);
and begin a new transaction
using (DbContextTransaction transaction = db.Database.BeginTransaction())

before querying to find a record maked as unallocated and then set it as initially allloated before saving the changes.
Finally I commit the transaction.

I assumed that should mean it was not possible for a record to be set to allocated state more than one.

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ryanchill avatar image
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ryanchill answered TZacks-2728 commented

@pmoran2019 I did some digging and came across https://stackoverflow.com/a/53403274/10987310 and I think this is what's happening to you. SERIALIZABLE will only apply the lock when UPDATE/INSERT is executed and before that happens, your subsequent thread has already came in and read the row.

It's still a concurrency issue though and you can employ those tactics such as a rowversion field for concurrency detection.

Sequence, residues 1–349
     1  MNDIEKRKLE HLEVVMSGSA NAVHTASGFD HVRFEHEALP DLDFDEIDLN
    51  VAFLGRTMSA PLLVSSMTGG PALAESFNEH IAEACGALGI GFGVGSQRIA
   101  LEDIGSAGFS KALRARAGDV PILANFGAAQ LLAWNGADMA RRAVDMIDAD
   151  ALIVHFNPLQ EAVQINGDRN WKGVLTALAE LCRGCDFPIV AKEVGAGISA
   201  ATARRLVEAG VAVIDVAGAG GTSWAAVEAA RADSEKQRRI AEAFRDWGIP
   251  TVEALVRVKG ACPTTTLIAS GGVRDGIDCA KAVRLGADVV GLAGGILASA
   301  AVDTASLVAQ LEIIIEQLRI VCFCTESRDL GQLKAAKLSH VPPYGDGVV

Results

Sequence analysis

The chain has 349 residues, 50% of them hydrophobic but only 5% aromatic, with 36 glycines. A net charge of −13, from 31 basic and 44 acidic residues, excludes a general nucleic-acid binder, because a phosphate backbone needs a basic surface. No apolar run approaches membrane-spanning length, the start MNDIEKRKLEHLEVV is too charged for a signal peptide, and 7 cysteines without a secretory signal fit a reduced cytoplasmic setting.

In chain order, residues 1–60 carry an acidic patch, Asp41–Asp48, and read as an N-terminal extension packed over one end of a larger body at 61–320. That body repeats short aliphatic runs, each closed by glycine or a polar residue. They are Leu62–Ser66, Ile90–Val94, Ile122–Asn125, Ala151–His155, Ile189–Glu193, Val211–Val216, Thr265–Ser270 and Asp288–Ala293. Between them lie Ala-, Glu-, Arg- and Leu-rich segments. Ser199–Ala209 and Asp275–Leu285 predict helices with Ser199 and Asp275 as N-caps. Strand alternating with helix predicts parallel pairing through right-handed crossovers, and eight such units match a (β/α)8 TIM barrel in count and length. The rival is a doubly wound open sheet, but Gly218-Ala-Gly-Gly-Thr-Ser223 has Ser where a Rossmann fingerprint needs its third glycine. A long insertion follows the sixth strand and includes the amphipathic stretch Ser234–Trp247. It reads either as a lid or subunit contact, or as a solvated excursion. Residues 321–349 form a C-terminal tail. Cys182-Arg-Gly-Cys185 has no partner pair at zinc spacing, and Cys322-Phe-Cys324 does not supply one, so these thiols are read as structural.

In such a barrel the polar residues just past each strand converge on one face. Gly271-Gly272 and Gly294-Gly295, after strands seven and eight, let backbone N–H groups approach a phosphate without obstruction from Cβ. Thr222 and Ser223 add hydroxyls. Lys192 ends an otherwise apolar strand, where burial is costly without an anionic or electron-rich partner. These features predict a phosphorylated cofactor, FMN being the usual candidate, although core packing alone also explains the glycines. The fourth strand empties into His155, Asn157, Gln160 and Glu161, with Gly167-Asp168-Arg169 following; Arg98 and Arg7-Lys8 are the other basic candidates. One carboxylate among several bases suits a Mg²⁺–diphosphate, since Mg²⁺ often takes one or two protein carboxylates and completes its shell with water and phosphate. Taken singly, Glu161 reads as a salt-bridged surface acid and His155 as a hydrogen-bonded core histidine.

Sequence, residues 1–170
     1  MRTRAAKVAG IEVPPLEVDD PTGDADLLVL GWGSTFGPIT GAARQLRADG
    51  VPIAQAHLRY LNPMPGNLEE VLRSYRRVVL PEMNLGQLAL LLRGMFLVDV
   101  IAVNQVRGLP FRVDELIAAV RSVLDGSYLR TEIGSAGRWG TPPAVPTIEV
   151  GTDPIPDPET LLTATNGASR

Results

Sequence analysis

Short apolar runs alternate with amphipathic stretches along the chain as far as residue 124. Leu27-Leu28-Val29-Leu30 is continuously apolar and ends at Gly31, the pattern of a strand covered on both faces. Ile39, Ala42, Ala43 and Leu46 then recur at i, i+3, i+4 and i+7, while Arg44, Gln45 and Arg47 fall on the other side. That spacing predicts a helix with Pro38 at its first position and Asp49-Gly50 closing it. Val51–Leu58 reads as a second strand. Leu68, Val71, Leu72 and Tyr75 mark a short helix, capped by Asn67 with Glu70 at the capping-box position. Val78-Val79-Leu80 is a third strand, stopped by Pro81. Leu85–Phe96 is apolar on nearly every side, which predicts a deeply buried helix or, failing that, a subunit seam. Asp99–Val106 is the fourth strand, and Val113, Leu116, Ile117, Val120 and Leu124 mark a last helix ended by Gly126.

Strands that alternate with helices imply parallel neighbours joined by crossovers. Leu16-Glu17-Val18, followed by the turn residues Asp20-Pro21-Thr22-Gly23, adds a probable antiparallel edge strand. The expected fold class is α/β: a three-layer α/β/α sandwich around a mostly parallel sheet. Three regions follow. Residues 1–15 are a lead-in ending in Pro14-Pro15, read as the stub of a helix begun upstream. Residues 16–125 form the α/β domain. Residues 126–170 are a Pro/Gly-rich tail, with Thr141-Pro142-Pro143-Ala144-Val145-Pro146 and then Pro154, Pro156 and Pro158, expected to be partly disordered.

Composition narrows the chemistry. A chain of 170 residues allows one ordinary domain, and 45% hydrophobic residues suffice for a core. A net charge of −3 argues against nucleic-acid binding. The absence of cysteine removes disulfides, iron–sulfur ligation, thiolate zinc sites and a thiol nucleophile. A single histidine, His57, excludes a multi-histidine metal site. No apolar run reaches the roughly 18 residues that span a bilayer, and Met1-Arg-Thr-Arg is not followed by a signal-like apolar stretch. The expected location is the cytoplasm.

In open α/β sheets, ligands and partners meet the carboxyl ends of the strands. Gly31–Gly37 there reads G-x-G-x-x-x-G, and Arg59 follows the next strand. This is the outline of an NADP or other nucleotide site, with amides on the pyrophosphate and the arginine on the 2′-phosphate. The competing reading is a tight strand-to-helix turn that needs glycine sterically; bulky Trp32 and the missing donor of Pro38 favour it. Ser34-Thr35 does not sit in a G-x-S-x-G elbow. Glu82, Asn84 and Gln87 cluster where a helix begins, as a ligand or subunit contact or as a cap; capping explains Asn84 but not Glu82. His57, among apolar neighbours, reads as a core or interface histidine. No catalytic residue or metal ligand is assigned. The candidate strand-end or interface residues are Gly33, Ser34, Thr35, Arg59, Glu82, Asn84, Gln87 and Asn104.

You could consider something like...

 using (CelticPoolsServiceContext db = new CelticPoolsServiceContext())
 {
     using (DbContextTransaction transaction = db.Database.BeginTransaction())
     {
         var lquery = from t in db.WindfallTickets
                     where (t.Status == Constants.TicketInitialStatus) && (t.CompetitionId == compid)
                     orderby t.IntA ascending
                     select t;
         var next = lquery.FirstOrDefault<WindfallTicket>;
         if (next != null)
         {
             try
             {
                 tno = firstTicketnoStr = next.TicketNo;
                 next.Status = Constants.TicketPurchaseInitiated;